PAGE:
2) Podocyte cell shape and glomerular disease. We have been investigating genes which control cell shape, movement and division through cytoskeletal organisation in the glomerular podocytes. Our hypothesis is that podocyte shape is essential to maintain the structure and function of the glomerular filtration barrier; hence molecules which alter this process may impair glomerular development and function and contribute to the progression of kidney disease. Modulating these pathways may be a promising new therapy for renal disease in the future.


3) Angiogenesis in renal health and disease. A long-standing research interest is investigating endothelial damage and unsatisfactory vascular repair in chronic kidney disease and whether this is due to disturbance of vascular growth factors. We have performed several studies using gene delivery of pro-angiogenic compounds as a potential novel therapy for kidney disease. At a more translational level, my group is working with colleagues at GOSH to examine vascular growth factors in children with CKD.


Main collaborators:

UCL: Paul Winyard, Rukshana Shroff, Eugenia Papakrivopoulou, Lesley Rees, Steve Wilson, Mark Lythgoe,  John Deanfield, Andy Copp, Alan Salama

University of Manchester: Adrian Woolf, Rachel Lennon

Kings College London: Luigi Gnudi, Cathy Shanahan, Mike Robson

University of Oxford: Paul Riley

Imperial College London: Charlotte Dean

University of Denver: Richard Johnson

Teaching Summary

My main teaching activity involves the supervision of PhD students, clinical research fellows, postdoctoral researchers and undergraduate students. I am a supervisor for the UCL BHF 4 year PhD studentships in cardiovascular biomedicine and currently supervise the following PhD theses:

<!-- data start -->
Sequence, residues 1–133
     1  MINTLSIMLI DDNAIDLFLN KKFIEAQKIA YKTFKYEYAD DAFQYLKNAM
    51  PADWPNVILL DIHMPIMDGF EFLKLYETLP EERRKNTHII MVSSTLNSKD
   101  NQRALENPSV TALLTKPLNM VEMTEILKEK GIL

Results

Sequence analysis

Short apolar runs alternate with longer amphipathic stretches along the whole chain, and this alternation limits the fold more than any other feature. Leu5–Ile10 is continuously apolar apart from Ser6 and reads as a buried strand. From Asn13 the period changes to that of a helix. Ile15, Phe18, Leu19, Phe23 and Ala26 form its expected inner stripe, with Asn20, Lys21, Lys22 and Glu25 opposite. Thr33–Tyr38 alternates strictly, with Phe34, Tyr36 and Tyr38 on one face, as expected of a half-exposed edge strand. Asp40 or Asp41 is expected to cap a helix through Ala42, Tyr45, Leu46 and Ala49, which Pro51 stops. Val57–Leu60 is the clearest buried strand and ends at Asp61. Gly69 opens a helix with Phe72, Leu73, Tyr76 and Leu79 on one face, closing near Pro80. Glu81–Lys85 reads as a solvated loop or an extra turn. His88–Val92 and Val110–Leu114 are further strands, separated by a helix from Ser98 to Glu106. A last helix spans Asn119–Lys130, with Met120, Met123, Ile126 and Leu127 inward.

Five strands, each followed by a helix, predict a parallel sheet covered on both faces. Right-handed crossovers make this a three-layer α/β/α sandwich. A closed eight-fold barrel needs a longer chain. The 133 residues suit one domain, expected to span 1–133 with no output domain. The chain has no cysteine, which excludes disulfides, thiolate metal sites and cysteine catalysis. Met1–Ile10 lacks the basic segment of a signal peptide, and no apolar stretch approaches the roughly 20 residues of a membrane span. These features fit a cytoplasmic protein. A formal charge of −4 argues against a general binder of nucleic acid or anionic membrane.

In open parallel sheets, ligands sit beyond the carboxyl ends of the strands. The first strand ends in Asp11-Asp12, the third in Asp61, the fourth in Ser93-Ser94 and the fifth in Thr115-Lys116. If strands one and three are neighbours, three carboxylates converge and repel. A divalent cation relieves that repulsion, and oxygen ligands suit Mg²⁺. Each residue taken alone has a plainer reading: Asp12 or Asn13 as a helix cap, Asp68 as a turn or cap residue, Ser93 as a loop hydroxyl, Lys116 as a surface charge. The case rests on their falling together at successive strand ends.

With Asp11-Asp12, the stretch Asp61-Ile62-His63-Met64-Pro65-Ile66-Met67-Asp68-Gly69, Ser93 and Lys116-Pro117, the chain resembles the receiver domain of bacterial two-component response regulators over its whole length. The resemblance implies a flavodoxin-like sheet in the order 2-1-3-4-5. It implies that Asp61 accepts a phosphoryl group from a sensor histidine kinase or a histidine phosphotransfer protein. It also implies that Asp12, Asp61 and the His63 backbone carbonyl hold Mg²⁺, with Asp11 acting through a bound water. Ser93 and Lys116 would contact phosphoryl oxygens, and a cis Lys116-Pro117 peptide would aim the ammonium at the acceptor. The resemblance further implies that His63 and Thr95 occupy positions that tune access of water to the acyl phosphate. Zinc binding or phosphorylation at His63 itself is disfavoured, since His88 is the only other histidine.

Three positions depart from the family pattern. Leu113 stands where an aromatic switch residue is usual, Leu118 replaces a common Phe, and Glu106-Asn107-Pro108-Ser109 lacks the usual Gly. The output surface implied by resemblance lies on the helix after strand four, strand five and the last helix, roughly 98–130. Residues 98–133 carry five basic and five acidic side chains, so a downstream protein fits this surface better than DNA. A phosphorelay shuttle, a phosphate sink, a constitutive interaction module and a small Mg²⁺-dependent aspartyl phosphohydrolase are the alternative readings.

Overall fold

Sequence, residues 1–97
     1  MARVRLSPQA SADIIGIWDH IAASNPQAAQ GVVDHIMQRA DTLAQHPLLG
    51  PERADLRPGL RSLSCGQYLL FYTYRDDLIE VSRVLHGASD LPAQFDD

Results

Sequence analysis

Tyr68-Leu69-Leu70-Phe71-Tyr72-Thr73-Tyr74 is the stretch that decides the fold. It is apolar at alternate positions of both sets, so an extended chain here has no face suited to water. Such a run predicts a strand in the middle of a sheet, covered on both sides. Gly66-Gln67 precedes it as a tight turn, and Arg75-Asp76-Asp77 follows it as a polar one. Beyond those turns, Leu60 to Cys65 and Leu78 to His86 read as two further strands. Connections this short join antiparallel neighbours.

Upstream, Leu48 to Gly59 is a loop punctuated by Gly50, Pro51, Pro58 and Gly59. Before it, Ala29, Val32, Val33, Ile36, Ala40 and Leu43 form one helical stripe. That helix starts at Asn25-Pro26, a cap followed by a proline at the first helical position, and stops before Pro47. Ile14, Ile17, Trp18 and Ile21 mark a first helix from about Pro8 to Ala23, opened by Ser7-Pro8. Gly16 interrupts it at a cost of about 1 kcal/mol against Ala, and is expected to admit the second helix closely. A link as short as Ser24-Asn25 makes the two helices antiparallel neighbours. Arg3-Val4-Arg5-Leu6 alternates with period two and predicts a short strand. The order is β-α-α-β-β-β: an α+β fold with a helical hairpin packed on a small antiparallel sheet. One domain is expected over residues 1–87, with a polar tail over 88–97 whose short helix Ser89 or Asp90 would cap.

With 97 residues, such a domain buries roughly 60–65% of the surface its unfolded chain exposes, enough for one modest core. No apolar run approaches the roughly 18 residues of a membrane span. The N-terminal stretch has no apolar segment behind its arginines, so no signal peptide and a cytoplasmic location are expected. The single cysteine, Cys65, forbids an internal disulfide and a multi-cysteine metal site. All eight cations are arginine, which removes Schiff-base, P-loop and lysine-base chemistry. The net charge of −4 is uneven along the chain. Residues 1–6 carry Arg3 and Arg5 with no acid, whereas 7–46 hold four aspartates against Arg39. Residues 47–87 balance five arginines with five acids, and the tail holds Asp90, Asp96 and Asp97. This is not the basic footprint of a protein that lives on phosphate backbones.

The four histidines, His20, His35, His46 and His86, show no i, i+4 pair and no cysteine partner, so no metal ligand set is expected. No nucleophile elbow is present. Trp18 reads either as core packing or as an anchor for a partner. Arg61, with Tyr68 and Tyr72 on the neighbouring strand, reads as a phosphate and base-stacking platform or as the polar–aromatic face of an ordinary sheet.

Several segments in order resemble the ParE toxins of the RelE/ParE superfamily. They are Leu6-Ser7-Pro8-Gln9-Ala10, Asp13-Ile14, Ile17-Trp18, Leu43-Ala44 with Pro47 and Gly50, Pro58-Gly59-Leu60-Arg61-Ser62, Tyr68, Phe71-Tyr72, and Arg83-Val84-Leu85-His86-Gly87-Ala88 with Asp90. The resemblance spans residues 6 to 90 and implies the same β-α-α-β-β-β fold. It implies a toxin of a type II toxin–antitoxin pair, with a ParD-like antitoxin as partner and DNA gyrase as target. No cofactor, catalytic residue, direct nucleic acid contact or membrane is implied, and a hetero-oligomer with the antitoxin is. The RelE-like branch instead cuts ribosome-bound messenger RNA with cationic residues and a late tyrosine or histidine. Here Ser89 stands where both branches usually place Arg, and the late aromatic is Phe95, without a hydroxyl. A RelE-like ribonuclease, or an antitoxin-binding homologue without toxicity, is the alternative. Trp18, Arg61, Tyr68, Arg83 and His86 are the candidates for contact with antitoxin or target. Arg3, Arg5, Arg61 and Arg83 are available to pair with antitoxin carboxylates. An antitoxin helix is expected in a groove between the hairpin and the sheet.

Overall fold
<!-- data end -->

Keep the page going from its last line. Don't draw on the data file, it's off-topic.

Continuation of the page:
Hortensja Brzoska "Understanding the role of planar cell polarity in the kidney filtration barrier" (Co-supervisor: Eugenia Papakrivopoulou, UCL).

Alexandra Todd "The role of VEGF and angiopoietin in endothelial dysfunction in children with chronic kidney disease stage 5" (Co-supervisors: Rukshana Shroff, UCL and Lesley Rees, UCL). 

Joanna Laycock "Examining the effects of vitamin D receptor activators on vascular smooth muscle cell calcification using a model of intact vessels from children with chronic kidney disease" (Co-supervisors: Rukshana Shroff, UCL and Cathy Shanahan, KCL).

Jiaqi Pan "A novel role for the transmembrane protein Nogo-B in protection against cardio-renal vascular disease" (Co-supervisor: Luigi Gnudi, KCL).


I have also supervised research projects for students from both the UCL MSc in Biomedical Sciences and MSc in Paediatrics and hosted several undergraduate students in the laboratory for summer vacation scholarships. In addition, my research team has hosted A-level students as part of the UCLH/UCL Biomedical Research Centre Summer School. I have also been involved in the supervision of clinical fellows and am currently the sponsor of a Wellcome Trust clinical postdoctoral fellow at UCL (Dr. Eugenia Papakrivopoulou).

Academic Background
2003 PhD Doctor of Philosophy – Pathobiology University College London
1999 BSc Hons Bachelor of Science (Honours) – Biomedical Sciences University of Southampton